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Emperor Penguins decimated in a decade – new UC research

13 March 2024

New research has observed nearly 10% fewer birds in 2018 compared with in 2009, in the first multi-year documentation of emperor penguin global population trends.  


The study, co-led by Te Whare Wānanga o Waitaha | University of Canterbury (UC) scientist Associate Professor Michelle LaRue, incorporates high resolution (VHR) satellite imagery with field-based validation surveys and long-term data. The VHR satellite imagery uses 30–60-centimeter ground resolution to examine the entirety of the penguins’ range during springtime around the Antarctic coast. 

“In a rapidly changing world, we have to constantly push the envelope to combine new approaches with tried-and-true methods if we want to understand the consequences of that change, especially in places we cannot get to,” Dr LaRue says. 

The research identified the East Indian Ocean and Weddell Sea areas of Antarctica as being the two sectors of the continent where there is the greatest probability of declines in regional populations of emperor penguins. These locations are where the extent of fast ice generally has decreased in recent decades.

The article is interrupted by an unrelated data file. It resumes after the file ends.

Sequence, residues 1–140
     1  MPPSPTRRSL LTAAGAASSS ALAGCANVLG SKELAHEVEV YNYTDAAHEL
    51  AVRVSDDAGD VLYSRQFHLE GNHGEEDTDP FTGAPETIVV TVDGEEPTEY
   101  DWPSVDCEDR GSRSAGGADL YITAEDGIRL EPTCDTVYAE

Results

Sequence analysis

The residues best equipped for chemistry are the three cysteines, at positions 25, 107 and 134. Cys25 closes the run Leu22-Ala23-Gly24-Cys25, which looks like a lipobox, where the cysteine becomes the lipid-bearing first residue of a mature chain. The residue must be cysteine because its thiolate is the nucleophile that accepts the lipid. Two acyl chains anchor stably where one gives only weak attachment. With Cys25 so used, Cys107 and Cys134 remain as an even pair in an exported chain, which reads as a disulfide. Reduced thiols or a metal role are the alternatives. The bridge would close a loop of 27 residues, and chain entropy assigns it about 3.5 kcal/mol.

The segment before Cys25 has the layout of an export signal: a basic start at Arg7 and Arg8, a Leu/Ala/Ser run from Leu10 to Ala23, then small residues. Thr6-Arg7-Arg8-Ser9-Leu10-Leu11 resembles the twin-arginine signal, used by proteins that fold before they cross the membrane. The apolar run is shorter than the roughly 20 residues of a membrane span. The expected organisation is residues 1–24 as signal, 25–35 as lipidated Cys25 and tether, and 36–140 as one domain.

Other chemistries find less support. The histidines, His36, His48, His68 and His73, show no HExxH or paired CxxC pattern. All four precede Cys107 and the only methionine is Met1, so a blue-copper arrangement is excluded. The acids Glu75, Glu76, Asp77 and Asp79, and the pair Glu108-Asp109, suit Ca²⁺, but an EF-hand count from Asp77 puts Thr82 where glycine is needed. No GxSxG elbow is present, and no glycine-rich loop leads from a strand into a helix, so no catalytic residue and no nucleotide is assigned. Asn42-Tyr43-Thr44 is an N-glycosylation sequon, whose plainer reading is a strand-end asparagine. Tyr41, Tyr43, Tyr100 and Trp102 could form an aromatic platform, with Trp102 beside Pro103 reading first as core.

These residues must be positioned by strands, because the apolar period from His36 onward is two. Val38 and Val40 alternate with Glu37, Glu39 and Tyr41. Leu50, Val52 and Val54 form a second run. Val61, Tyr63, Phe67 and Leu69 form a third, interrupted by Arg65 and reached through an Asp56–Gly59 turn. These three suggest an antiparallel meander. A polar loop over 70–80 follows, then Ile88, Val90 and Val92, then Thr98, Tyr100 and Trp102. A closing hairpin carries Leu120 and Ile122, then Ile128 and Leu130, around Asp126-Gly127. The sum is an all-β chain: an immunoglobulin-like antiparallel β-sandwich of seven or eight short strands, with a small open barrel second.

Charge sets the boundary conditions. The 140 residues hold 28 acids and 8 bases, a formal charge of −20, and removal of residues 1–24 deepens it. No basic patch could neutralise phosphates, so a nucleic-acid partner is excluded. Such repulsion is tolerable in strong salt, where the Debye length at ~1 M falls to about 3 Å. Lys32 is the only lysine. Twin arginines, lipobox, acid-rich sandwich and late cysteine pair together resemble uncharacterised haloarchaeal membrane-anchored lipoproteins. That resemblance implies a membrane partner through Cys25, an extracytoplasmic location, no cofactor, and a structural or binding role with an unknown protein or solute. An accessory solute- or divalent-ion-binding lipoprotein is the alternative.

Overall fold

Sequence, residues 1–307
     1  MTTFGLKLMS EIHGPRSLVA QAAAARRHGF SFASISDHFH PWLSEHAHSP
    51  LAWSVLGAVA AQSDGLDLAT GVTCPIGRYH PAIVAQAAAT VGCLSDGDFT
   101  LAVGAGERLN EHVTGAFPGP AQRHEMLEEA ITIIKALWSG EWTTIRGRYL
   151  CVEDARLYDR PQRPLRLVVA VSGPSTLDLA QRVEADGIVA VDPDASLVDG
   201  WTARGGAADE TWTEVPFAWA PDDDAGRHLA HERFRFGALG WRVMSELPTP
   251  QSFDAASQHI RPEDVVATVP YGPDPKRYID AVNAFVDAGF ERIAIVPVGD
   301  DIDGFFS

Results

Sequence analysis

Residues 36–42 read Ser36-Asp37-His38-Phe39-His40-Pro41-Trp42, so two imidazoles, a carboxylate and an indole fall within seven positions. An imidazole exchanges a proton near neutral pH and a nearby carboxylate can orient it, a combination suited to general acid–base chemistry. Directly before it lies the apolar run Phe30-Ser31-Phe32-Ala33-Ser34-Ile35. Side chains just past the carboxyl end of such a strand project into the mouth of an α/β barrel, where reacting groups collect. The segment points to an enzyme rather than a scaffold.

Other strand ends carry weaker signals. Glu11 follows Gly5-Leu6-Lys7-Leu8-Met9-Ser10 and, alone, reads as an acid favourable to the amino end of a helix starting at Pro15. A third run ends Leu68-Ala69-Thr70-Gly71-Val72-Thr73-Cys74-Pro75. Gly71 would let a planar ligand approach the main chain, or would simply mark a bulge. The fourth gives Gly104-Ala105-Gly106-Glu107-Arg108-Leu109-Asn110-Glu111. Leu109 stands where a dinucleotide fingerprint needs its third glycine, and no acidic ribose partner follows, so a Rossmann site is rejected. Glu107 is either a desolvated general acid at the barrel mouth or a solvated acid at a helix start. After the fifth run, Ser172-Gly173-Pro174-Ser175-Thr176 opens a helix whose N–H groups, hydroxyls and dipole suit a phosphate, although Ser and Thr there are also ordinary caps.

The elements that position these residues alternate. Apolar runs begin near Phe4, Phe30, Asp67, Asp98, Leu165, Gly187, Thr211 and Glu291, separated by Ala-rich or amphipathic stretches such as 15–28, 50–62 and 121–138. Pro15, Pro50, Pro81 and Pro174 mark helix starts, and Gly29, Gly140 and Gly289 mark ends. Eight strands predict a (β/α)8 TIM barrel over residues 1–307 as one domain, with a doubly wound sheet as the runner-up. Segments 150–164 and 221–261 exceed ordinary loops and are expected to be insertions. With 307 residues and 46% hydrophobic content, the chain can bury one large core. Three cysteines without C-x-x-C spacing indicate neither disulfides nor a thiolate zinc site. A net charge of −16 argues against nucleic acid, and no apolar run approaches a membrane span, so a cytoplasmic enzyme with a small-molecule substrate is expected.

During the study, researchers detected several new colonies, bringing the total to 66 known colony locations. It is now likely that most emperor penguin colony locations have been detected, with around half having been detected with satellite imagery.  

Emperor penguin populations have been exceedingly difficult to monitor because of their remote locations, and because individuals form breeding colonies on seasonal sea ice fastened to land (known as fast ice) during the dark, cold Antarctic winter. 

Combining satellite images with animal tracking, ground observations and molecular tools, such as genetic analysis, will be needed if researchers want to fully understand mechanisms to describe some of the changes they observe. 

Scientists cannot yet explain the population trend. However, additional research should help with a better understanding of the causal factors – including the role of climate change. This new monitoring methodology could also help researchers help in the development of adaptive conservation management efforts. 

Funding for this research was provided by the National Science Foundation, NASA; the French Polar Institute Paul-Émile Victor, Alfred Wegener Institute for Polar and Marine Research in the Helmholtz Association, World Wide Fund for Nature (UK), and the German Research Foundation. 

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